Monthly Archives: October 2014


Wherever the wind may take us

A question which is is being asked more and more frequently is ‘are we going to run out of sites at which to install wind turbines?’ and this is a question we ask ourselves on a  regular basis.

The planning process for a potential wind site is fairly complex and combines the need for an acceptable wind speed, with adherence to specific planning guidelines. For example, an area may have an average wind speed of 8m/s (which is ideal) but it is situated in an Area of Outstanding Natural Beauty (AONB), therefore meaning it is highly unlikely that this site will be given planning permission.

Sure enough there will come a time when the windiest spots are all hosting wind turbines. With this in mind, we have considered the development of demand management systems, as well as owning and operating medium size turbines and we have looked into other types of renewable energy technology. However, one thing we have also considered is placing wind turbines in areas of lower average wind speed and it looks like we are not the only ones.

Siemens has developed a portfolio of low-wind option turbines which offer an attractive solution for sites with low wind speeds. In fact, there is a wide range of turbine models which operate at a lower wind speed and this is of crucial significance if we want to continue harvesting the readily available source of wind energy in the UK. This is an exciting time for wind technology and we look forward to seeing how we can play our part in the site development process.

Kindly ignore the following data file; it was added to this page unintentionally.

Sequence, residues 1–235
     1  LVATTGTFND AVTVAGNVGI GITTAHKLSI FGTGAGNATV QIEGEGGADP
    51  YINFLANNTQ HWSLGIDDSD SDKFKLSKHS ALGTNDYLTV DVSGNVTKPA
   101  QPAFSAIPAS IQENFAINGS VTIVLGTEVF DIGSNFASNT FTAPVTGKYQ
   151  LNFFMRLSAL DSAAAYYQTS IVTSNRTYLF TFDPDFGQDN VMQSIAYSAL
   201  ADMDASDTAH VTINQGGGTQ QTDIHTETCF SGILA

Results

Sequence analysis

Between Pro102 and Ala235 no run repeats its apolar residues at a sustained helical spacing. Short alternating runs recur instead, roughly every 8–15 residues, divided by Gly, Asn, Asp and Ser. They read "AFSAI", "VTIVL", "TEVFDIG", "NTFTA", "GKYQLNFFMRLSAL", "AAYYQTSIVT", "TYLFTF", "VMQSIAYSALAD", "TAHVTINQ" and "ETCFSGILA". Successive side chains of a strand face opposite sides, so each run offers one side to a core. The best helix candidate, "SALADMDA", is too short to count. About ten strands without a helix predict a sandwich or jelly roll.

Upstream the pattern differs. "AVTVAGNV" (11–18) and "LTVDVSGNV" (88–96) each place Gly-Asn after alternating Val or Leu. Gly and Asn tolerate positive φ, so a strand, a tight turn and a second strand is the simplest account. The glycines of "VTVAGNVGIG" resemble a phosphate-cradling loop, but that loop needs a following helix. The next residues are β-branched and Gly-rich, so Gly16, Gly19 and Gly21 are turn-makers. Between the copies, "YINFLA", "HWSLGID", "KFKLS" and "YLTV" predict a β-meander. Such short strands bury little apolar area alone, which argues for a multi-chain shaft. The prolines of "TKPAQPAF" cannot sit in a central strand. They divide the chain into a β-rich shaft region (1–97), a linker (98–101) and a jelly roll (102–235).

Wind developers in a pickle

Eric Pickles wanted local communities to have a say in whether or not a wind turbine project would receive planning approval. However, it seems that the power has not successfully been transferred as Pickles is still making the majority of decisions himself.

Is Pickles being unfair? Well, he believes that local communities should have more say in whether a turbine is given consent, yet he has awarded himself power to veto projects and has done so on a mass scale, rejecting 17 of 19 proposals, despite 5 being approved by the Planning Inspectorate. Whilst Pickles wants to retain support of Conservative voters in rural areas, it can be argued that he is not considering the long term effects of his actions.

RenewableUK is voicing concerns over the continued and uncontrolled intervention, stating simply that the 50 projects – which Pickles has either rejected or delayed – would have added 520 megawatts of energy capacity to the UK – enough to power more than 275,000 homes – and would have been worth £581 million to local economies. Why is it that these figures are not important to the  Secretary of State for Communities and Local Government?

Maf Smith, deputy chief executive of RenewableUK, commented, “These sites would have meant half a billion pounds in local investment creating over 2,000 jobs.”

Renewable energy sources are essential if the UK wants a secure and balanced energy supply. In the developments that Fine Energy are involved in, the turbines provide a source of clean, renewable energy which can be used by local residents as a supplement to their traditional energy supply, at no extra cost. So if wind is not acceptable, what is the answer?